Sin impacts all of mankind in all aspects of life. This is known as total depravity. Total depravity, “does not mean that humans are thoroughly sinful but rather that they are totally incapable of saving themselves. The term suggests as well that the effects of the Fall extend to every dimension of human existence” (Grenz et al 37 Pocket dictionary of theological terms). Anthony Thiselton adds to this when he wrote, “Sin is more than a matter of isolated acts of failure or error” (The Hermeneutics of Doctrine 264). Total depravity does not mean that a person cannot recognize they are a sinner and admit this. To say this is wrongheaded and against the logical cognitive design we were created with. Total depravity is that we are not capable of saving ourselves because we are deeply diseased with sin and desire it over God.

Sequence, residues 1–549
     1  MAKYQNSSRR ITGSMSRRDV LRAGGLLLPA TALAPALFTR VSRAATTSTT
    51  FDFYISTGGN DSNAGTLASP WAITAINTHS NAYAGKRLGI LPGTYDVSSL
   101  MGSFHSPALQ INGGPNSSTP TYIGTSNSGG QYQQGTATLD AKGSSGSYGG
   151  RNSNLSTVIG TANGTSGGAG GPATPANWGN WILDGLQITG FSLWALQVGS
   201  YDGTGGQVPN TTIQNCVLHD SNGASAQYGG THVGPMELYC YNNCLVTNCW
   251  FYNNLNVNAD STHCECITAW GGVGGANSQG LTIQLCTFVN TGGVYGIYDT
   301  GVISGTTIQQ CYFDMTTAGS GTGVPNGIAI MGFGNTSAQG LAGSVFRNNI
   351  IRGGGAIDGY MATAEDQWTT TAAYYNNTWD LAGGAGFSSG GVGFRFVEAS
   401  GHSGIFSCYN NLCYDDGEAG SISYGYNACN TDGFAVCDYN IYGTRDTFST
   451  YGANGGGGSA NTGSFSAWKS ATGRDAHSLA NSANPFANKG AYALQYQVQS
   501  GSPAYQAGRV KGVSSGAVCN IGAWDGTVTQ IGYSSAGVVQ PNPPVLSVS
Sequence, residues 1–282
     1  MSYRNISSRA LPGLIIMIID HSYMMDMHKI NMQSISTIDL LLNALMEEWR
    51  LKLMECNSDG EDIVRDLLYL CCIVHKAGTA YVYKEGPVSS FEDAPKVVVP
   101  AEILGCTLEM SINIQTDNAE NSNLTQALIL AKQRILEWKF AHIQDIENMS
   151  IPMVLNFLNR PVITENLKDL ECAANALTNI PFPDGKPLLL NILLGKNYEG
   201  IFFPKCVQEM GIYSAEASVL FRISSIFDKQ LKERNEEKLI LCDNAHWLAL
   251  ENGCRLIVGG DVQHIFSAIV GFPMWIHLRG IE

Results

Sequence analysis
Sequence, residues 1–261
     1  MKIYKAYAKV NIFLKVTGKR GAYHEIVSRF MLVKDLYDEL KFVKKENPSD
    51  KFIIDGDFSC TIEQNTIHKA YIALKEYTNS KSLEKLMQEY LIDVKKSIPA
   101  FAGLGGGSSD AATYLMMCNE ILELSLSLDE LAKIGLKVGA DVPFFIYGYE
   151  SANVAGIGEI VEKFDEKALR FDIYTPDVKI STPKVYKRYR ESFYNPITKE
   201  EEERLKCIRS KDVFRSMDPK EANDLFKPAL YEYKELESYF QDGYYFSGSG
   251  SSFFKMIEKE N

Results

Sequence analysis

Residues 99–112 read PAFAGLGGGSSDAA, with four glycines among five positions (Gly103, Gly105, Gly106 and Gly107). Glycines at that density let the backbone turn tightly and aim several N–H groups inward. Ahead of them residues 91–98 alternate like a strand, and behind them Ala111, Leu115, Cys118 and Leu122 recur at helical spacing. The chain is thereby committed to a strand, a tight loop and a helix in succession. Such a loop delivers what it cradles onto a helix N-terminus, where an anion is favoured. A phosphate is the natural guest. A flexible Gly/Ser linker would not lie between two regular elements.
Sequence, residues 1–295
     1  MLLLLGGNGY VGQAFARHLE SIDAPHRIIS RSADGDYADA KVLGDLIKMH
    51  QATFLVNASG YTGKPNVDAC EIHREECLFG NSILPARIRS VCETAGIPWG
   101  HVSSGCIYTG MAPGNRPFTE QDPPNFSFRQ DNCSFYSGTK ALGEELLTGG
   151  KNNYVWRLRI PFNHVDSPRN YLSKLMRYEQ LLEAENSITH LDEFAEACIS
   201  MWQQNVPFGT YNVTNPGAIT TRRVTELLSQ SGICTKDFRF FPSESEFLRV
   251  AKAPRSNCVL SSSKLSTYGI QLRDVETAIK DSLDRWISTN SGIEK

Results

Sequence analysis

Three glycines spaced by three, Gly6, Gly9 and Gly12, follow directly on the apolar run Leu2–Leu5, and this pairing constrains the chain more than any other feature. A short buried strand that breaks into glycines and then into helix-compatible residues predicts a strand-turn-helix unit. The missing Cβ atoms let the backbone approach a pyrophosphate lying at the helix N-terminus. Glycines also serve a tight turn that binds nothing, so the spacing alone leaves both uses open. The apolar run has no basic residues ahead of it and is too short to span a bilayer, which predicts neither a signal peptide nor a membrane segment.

So, sin is a complete failure because it is a transgression of God and His law. The proof of this aspect can be found in Scriptures such as 1 John 2:16 and 3:4, “For all that is in the world–the desires of the flesh and the desires of the eyes and pride of life–is not from the Father but is from the world” and “Everyone who makes a practice of sinning practices lawlessness; sin is lawlessness” (English Standard Version). These sinful actions are of the world by the person transgressing the law of God they are not of God the Father. The Father only gives good and perfect gifts and is not tempted by evil nor is he tempted by evil (Jas. 1:13, 17).